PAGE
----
Audax has recently converted a floor of a commercial building in downtown Toronto into a family-friendly home. One unique feature that separates The Home in Little Italy from other Audax projects is the fact that it is the home of the firm's principal, Gianpiero Pugliese.
Married with two children, Gianpiero and his wife began to look for something different from the standard Toronto house when searching for a new home to meet their growing family's needs. Without wanting to give up their downtown lifestyles, they purchased a floor of a commercial building with the vision of converting it into a family-friendly home. "This design provides us with all of the amenities of a house, while offering all of the conveniences of an apartment," Pugliese commented.
The interior layout was modeled after a New York style apartment to include all the comforts of a house, including a formal foyer, three bedrooms, two washrooms, an open-concept living, kitchen and dining room, and a generously sized laundry. The family also enjoy direct access to their unit from the street with a private elevator.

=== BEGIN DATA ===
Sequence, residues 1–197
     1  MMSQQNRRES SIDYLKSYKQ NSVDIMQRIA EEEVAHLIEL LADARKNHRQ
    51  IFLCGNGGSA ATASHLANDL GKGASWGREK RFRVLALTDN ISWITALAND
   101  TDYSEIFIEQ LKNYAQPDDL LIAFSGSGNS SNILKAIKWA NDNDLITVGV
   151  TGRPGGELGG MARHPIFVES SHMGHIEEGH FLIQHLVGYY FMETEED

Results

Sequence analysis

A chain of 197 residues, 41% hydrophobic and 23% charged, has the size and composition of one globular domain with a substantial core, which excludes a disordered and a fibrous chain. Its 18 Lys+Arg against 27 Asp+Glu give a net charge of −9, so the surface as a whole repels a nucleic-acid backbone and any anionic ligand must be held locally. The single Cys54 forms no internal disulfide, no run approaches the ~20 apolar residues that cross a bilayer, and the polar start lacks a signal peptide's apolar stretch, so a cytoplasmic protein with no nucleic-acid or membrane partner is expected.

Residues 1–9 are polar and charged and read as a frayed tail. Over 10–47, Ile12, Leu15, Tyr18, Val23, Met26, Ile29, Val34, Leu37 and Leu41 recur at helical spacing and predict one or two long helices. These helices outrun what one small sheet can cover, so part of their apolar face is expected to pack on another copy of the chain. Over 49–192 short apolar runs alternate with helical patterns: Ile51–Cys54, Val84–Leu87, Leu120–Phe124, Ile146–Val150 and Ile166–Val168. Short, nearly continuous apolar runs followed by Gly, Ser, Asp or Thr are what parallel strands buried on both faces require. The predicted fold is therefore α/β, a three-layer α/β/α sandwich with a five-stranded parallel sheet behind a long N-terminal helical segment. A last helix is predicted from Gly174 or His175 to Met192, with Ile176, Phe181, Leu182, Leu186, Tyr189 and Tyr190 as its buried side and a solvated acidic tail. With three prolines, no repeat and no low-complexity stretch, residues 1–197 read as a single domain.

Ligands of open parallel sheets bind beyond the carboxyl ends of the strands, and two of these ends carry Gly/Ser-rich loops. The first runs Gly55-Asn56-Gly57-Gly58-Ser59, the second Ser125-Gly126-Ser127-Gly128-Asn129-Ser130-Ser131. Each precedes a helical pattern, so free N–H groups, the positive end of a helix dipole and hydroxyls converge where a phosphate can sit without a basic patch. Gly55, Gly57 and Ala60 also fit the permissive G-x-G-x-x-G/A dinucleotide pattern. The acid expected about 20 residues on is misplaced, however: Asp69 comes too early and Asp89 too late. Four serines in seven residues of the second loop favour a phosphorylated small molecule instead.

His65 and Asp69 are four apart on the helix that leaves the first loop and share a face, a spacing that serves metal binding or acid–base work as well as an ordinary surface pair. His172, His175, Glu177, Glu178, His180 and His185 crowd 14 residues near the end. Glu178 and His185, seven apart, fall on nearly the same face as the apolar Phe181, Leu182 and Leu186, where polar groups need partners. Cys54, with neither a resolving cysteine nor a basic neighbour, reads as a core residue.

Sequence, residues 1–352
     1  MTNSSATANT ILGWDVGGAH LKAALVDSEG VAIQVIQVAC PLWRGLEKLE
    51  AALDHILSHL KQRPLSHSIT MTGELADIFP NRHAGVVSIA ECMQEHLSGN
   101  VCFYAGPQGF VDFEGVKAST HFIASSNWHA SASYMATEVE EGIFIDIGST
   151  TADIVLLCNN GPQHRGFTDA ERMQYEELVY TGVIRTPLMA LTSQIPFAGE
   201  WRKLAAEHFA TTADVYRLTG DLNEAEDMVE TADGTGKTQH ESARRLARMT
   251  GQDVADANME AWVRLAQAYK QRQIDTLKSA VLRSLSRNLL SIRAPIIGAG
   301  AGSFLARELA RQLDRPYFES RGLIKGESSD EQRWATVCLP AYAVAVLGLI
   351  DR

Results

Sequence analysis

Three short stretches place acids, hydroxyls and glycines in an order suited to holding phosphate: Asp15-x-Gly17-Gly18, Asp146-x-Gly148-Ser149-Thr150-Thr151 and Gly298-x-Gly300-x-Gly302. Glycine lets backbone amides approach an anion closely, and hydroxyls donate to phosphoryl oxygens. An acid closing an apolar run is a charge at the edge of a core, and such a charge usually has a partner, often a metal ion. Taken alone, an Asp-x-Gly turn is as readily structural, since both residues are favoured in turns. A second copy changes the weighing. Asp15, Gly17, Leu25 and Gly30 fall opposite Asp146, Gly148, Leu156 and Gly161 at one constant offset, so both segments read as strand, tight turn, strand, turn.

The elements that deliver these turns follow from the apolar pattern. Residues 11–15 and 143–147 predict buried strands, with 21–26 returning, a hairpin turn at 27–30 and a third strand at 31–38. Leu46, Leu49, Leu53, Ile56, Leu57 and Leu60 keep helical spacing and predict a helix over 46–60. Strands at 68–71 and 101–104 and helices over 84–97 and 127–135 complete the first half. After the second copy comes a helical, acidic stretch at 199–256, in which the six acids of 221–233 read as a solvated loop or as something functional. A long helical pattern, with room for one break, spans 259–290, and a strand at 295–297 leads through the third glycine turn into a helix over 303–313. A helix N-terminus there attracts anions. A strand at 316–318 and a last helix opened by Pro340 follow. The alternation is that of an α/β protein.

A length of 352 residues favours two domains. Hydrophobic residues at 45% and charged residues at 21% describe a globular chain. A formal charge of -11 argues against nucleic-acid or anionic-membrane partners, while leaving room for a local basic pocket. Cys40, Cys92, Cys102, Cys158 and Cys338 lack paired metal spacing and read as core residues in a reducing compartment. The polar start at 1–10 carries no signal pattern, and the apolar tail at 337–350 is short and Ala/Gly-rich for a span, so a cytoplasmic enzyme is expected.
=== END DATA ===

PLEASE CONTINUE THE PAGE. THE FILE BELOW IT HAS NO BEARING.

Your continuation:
The interior design features a harmonious mix of modern and traditional elements. To create a warm and cozy base, they selected a herringbone wood floor and traditional door casing, trim and hardware. The traditional envelope is then layered with modern luxuries, including a sleek and contemporary-styled kitchen and modern Italian-inspired furniture. Many of the pieces used in the home are from Audax's very own furniture collection, including the Evelyn Armchair, Vasari Dining Table, Raphael Dining Chair and the Donatello Console.
A winter garden was also designed in this unit, which is an enclosed living room with operable windows on two sides. This is a unique and coveted amenity to have in the heart of the city. When the windows are opened in the summertime, the living space is converted into a covered terrace. This allows Gianpiero and his family to enjoy a private open-air space in lieu of a backyard, which can also be used year-round as indoor space.
Photography: Erik Rotter